There are a number of websites which outline motor racing in the 1930s, subsequently regarded as a golden era of the sport, and I used those websites to gather information about the cars, the circuits and the races, and incorporated that information into my story where appropriate. I also use online resources to map the path towards World War Two, and used that in the story. My World War Two sequence is set in Naples, Italy, and I bought the memoirs of a British secret service agent who was stationed there when the allies took control of the city. I used online resources to map out the many air raids on Naples, and to describe the way that life in that city slowly ground to a halt. There were many little details such as the communal air raid shelters, or the way they picked flowers and weeds to eat, and even raided the town aquarium for fish to eat. The organised crime gangs of Naples, the Camorra, are the largest organised crime organisation in the world, larger even than the Mafia. They returned to the fore when the Allies moved in and their role had to be explained. And finally I used the Internet to map out the four-day uprising where the locals of Naples drove the German army out of the city, which was one of very few examples of citizens fighting back. During World War Two many millions were taken away in cattle trucks, but the inhabitants of Naples stole rifles and fought the German army to prevent that happening to them. I thought that was special.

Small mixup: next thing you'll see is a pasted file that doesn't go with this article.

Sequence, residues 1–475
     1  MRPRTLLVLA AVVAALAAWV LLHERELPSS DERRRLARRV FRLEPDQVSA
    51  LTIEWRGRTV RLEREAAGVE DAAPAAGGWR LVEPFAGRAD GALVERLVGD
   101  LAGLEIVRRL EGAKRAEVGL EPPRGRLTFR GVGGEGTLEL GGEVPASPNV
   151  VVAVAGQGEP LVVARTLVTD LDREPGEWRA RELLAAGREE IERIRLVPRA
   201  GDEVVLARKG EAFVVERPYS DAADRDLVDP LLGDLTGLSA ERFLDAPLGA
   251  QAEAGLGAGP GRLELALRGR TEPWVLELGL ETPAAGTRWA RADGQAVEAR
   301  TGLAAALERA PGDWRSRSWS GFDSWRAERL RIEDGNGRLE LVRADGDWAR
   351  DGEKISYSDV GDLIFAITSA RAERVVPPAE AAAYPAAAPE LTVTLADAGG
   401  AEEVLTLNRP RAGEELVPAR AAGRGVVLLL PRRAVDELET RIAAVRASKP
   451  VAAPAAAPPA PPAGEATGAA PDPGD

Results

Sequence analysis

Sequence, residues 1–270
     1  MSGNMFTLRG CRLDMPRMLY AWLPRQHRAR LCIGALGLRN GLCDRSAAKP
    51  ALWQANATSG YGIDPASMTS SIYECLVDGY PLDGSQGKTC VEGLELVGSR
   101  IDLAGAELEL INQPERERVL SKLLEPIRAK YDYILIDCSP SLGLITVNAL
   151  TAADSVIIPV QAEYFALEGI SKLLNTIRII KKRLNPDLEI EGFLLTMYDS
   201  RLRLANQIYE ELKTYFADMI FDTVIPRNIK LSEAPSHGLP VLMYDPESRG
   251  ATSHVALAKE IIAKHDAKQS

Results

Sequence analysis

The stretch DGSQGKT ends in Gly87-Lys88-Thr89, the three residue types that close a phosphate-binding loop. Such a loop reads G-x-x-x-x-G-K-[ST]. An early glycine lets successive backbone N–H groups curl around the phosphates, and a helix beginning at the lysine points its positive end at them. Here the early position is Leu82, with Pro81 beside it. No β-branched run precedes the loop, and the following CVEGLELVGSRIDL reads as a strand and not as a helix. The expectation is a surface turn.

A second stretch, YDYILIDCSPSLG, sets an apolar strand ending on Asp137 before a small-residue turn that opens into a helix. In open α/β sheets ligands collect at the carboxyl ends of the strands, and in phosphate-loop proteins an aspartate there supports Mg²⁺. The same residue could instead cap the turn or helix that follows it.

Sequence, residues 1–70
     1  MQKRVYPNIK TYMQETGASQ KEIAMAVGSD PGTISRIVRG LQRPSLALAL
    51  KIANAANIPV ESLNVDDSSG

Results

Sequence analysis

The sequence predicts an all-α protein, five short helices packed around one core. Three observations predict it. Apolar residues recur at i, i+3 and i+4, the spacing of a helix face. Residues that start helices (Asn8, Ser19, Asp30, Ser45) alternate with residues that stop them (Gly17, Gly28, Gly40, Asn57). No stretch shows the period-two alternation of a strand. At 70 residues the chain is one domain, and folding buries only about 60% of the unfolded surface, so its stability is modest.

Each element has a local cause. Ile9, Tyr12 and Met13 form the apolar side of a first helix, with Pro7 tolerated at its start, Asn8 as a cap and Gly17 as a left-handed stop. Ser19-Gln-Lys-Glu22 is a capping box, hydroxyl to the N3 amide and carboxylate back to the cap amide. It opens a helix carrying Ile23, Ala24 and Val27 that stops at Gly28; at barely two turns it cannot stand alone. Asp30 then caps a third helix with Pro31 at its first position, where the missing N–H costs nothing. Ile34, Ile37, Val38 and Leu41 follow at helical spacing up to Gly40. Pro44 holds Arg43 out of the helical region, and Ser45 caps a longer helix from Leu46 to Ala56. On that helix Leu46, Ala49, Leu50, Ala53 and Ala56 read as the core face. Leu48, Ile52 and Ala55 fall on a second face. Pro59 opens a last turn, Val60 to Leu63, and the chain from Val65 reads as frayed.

There is a lot in The Last Great Race and the story covers a lot of ground. The story is so strange in parts that there is little need to embellish what really happened. My task was to convert those many facts into a flowing story with broad appeal, to tell a tale that seems too unbelievable to be true, only it is.

MediaKit_BookCover_TheLastGreatRaceThis story is based around the life of one of the most fascinating and enigmatic sportsmen of his era, Achille Varzi: multiple race winner, twice Racing Champion of Italy and a hero to his many followers. Told partly through the eyes of Varzi and partly by fictional Italian-Australian racing journalist Paul Bassi, we follow the many triumphs and tragedies of Varzi’s life: his passionate love affair with Ilse, his tragic morphine addiction, his recovery from his addictions, his marriage to Norma and his re-signing to race for Alfa Romeo.

Only war intervenes, and Paul and his wife Pia leave Achille to spy for the British at the naval base in Naples. Paul and Pia endure hundreds of Allied air-raids, they join the partisans who fought off the German army until the Allies could rescue them, and then they survive in a near-ruined city as best they can.

By 1946 Italy is still shattered but life is returning to normal, and no more normal is Achille Varzi winning the Grand Prix of Italy that year. Over the next two seasons Achille Varzi scores more successes, until he makes his only ever driving mistake and is killed in Switzerland in 1948. Even though he died too young, Paul and Pia know that Achille Varzi would never have lived in his life in any other way.

Enjoy an excerpt: